Leslie Perlow (1999)
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            The invisible addiction: Cell-phone activities and addiction among male and female college students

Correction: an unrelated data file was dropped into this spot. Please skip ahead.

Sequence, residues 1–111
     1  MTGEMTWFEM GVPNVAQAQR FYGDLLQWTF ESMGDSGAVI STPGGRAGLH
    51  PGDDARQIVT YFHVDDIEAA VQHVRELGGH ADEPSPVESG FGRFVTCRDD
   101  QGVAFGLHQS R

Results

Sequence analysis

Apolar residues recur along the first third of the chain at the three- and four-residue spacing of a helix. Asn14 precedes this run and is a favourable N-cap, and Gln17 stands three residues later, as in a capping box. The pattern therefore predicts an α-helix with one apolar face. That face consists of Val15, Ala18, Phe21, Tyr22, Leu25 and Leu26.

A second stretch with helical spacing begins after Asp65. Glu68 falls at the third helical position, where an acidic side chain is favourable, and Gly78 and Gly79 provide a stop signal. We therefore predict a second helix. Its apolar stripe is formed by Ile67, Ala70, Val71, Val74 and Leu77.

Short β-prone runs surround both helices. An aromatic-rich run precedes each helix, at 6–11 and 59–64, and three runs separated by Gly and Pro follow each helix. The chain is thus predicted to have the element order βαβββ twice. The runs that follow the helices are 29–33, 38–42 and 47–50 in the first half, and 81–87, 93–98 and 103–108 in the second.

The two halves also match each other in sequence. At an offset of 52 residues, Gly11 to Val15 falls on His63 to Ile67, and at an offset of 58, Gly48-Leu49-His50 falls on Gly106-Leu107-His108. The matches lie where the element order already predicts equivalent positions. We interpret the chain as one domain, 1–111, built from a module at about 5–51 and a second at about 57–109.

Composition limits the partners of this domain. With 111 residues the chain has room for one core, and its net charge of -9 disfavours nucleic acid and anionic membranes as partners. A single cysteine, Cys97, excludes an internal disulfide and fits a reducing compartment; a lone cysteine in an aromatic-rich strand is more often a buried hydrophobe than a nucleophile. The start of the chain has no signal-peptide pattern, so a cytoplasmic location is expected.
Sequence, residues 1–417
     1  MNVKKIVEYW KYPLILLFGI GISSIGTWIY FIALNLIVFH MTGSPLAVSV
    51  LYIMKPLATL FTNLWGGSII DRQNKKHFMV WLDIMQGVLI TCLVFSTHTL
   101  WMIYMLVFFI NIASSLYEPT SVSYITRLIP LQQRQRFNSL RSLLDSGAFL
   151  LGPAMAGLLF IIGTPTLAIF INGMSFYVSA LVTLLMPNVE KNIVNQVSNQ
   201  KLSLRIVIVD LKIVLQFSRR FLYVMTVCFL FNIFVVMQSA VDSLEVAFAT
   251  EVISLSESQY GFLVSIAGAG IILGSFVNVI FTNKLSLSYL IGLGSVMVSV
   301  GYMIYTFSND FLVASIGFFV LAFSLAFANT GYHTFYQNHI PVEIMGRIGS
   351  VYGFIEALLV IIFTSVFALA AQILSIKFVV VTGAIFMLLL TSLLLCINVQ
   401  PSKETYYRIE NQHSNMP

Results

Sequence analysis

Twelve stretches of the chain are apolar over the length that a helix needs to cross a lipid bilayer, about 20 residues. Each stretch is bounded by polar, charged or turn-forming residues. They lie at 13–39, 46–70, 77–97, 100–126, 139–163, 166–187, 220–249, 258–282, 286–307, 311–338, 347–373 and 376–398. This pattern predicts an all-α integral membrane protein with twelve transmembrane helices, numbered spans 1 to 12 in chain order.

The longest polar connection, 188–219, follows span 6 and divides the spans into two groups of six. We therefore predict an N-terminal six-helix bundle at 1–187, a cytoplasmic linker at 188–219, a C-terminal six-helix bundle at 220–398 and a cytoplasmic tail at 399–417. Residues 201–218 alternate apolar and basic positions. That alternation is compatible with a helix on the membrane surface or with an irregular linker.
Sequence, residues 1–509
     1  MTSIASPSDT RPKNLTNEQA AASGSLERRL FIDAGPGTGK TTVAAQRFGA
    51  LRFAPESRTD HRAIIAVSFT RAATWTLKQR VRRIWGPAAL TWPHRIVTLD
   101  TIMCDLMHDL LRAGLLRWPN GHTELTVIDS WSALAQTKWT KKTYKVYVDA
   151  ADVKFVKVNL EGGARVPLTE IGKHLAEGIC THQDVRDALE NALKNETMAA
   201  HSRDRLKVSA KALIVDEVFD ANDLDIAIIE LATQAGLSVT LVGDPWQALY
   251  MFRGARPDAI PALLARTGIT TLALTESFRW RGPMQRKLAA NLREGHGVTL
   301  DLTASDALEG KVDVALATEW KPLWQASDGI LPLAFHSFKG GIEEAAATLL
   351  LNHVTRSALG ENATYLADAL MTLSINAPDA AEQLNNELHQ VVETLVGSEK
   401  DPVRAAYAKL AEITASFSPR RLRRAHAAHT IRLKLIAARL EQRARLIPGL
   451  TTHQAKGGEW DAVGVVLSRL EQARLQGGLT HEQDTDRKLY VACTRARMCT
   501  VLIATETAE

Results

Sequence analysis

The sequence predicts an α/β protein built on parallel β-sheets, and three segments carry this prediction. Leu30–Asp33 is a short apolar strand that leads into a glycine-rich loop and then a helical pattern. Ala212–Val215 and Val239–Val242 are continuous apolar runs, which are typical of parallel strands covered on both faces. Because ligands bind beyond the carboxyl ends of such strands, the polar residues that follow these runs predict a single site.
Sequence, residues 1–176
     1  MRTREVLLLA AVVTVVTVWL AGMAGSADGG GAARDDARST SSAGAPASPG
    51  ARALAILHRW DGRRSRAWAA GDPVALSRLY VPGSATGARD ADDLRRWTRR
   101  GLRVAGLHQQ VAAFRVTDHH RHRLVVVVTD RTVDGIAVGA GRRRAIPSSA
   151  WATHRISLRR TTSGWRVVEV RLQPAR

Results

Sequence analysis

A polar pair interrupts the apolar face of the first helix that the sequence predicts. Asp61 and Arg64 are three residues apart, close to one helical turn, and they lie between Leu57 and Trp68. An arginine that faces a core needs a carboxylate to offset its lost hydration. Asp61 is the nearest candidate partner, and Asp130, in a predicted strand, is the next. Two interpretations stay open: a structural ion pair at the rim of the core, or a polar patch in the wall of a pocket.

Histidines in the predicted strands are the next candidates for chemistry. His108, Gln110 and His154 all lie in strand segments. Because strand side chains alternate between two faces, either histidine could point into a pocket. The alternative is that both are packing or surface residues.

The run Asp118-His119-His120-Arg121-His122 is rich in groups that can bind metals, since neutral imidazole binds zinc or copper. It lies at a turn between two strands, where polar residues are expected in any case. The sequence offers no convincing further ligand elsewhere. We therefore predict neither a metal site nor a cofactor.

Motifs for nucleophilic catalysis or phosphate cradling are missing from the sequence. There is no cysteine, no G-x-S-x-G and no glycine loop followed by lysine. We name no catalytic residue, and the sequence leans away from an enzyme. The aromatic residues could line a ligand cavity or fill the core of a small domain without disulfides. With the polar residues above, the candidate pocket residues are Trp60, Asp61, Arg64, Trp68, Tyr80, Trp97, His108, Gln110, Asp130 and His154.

Background and aims: The primary objective of the present study was to investigate which cell-phone activities are associated with cell-phone addiction. No research to date has studied the full-range of cell-phone activities, and their relationship to cell-phone addiction, across male and female cell-phone users. Methods: College undergraduates (N = 164) participated in an online survey. Participants completed the questionnaire as part of their class requirements. The questionnaire took 10 and 15 minutes to complete and contained a measure of cell-phone addiction and questions that asked how much time participants spent daily on 24 cell-phone activities. Results: Findings revealed cell-phone activities that are associated significantly with cell-phone addiction (e.g., Instagram, Pinterest), as well as activities that one might logically assume would be associated with this form of addiction but are not (e.g., Internet use and Gaming). Cell-phone activities that drive cell-phone addiction (CPA) were found to vary considerably across male and female cell-phone users. Although a strong social component drove CPA for both males and females, the specific activities associated with CPA differed markedly. Conclusions: CPA amongst the total sample is largely driven by a desire to connect socially. The activities found to be associated with CPA, however, differed across the sexes. As the functionality of cell-phones continues to expand, addiction to this seemingly indispensable piece of technology becomes an increasingly realistic possibility. Future research must identify the activities that push cell-phone use beyond its “;tipping point” where it crosses the line from a helpful tool to one that undermines our personal well-being and that of others.